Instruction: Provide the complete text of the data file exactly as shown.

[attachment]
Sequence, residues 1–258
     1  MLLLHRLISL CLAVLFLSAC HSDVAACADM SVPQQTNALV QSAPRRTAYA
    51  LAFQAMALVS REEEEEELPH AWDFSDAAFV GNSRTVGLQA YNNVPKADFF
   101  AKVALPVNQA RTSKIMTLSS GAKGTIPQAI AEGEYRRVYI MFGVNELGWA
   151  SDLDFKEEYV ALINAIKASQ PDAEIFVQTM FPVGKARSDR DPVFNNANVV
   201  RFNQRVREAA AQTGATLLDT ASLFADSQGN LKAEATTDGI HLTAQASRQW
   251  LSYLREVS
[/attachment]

Sequence, residues 1–258
     1  MLLLHRLISL CLAVLFLSAC HSDVAACADM SVPQQTNALV QSAPRRTAYA
    51  LAFQAMALVS REEEEEELPH AWDFSDAAFV GNSRTVGLQA YNNVPKADFF
   101  AKVALPVNQA RTSKIMTLSS GAKGTIPQAI AEGEYRRVYI MFGVNELGWA
   151  SDLDFKEEYV ALINAIKASQ PDAEIFVQTM FPVGKARSDR DPVFNNANVV
   201  RFNQRVREAA AQTGATLLDT ASLFADSQGN LKAEATTDGI HLTAQASRQW
   251  LSYLREVS